Americans crimped their wallets last month as inflation heated up to historic levels.
The Commerce Department reported Friday that consumer spending, which accounts for more than two-thirds of economic activity - dropped 0.6% after gaining in November.
Behind that decline: Surging Omicron infections reduced traffic to restaurants and bars and other venues, and fear of shortages of goods at stores likely drove Americans to get a head-start to their holiday shopping instead of waiting until December.
Those shortages caused by snarled supply chains drove inflation higher last month. The personal consumption expenditures price index, which the Federal Reserve watches closely, climbed at a 5.8% annual clip --- the largest advance in four decades.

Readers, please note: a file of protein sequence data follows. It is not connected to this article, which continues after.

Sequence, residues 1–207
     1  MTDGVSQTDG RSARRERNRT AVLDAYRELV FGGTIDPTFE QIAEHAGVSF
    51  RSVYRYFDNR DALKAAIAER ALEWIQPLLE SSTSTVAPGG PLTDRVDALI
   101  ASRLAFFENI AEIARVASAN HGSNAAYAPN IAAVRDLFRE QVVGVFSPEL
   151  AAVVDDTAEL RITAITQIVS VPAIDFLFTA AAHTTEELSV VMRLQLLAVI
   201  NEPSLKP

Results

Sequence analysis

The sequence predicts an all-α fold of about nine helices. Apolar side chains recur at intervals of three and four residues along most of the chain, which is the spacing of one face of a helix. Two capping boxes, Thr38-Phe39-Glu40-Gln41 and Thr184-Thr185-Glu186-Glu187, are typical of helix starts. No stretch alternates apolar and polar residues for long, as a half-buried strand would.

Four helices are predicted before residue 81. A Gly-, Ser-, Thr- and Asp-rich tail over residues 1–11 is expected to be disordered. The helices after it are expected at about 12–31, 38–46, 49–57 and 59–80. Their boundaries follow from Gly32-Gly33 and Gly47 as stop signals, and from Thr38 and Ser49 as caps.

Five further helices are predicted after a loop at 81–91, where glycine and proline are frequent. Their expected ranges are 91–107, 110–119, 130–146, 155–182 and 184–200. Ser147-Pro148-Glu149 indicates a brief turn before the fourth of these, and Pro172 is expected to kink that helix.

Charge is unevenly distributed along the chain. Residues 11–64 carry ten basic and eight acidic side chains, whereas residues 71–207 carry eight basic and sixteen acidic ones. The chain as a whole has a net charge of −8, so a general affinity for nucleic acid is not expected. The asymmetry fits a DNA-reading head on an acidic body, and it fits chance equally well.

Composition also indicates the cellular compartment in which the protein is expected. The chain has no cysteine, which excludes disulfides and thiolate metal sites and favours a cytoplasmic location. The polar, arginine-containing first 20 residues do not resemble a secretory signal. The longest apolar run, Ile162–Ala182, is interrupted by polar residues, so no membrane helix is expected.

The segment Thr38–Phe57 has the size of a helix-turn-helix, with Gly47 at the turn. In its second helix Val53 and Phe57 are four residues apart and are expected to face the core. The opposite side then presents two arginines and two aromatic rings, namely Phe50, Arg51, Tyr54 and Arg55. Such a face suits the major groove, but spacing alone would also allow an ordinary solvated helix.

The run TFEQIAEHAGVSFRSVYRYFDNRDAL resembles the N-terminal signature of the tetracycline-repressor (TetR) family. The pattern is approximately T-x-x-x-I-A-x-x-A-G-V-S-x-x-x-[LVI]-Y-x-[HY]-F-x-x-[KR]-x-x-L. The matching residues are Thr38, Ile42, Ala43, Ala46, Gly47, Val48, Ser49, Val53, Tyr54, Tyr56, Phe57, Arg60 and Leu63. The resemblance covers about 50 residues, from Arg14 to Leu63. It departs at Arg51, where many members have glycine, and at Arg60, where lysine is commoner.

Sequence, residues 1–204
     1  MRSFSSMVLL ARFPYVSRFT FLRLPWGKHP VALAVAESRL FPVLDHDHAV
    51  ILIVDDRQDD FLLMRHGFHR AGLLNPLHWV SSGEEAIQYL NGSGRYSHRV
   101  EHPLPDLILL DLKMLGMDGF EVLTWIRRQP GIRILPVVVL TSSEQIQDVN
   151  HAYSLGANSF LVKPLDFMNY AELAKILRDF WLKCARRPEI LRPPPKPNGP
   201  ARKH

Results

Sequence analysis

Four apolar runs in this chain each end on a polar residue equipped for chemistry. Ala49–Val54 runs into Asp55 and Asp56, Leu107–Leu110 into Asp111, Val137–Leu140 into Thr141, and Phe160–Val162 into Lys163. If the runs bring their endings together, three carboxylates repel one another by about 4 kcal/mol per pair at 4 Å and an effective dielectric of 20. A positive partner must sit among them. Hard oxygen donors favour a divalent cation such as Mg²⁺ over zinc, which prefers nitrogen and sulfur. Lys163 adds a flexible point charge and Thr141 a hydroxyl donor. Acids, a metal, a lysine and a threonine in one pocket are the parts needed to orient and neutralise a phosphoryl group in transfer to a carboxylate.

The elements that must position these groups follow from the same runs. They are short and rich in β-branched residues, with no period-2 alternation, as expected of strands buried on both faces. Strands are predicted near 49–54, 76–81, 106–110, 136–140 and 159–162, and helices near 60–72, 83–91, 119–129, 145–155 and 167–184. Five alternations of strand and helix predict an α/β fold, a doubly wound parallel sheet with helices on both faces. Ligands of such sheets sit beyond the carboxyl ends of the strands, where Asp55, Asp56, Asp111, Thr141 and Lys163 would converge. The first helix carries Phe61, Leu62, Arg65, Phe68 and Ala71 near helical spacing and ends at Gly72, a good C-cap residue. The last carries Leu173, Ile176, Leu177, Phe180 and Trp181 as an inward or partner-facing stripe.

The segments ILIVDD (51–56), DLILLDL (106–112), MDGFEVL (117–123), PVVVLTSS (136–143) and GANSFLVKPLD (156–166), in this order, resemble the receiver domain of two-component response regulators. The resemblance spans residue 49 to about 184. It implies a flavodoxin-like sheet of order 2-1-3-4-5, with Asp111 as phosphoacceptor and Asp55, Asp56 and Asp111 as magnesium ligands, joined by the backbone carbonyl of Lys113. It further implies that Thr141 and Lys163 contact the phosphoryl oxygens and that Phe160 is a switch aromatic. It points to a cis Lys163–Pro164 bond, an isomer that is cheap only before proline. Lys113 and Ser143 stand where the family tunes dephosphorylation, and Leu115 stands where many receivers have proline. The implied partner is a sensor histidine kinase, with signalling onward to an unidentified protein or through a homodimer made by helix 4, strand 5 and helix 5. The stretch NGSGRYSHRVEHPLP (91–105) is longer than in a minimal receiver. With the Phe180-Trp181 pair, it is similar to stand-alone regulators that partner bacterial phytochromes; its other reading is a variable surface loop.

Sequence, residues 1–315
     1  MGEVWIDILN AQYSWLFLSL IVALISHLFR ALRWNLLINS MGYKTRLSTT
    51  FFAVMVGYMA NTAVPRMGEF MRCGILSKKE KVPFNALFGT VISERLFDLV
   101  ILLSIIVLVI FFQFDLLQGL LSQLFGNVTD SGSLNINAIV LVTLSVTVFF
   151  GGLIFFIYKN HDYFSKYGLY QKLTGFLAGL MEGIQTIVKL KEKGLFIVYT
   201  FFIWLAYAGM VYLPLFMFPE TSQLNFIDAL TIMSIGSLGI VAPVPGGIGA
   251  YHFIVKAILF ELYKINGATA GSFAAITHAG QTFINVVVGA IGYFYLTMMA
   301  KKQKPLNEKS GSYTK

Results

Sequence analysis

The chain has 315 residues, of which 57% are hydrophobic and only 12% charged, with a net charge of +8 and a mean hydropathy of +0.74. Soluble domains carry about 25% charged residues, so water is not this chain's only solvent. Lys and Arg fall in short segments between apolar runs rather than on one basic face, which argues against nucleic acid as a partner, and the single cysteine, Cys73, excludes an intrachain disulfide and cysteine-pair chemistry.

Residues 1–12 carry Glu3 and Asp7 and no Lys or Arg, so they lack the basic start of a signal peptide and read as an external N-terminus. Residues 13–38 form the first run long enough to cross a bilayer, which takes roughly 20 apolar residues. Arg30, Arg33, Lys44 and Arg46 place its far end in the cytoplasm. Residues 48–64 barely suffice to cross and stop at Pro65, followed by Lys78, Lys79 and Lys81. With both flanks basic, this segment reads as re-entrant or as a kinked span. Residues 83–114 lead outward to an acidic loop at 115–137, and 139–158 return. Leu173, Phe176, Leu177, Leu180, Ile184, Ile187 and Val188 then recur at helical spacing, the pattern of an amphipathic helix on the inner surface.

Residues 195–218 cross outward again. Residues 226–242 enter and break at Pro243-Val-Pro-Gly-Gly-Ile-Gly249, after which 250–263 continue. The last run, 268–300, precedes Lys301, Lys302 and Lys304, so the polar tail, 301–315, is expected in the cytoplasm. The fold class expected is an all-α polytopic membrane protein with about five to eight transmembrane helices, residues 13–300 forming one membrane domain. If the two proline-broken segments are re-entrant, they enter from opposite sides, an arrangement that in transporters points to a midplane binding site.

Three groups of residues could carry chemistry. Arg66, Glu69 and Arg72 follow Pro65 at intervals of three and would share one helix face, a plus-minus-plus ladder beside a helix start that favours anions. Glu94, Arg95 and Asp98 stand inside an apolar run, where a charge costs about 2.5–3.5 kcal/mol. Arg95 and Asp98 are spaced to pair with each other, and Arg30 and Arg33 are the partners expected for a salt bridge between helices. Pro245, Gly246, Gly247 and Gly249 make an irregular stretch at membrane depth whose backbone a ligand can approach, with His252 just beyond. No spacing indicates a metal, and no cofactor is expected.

With inflation running way above the Fed’s target, the central bank signaled Wednesday it’s likely to raise interest rates in March.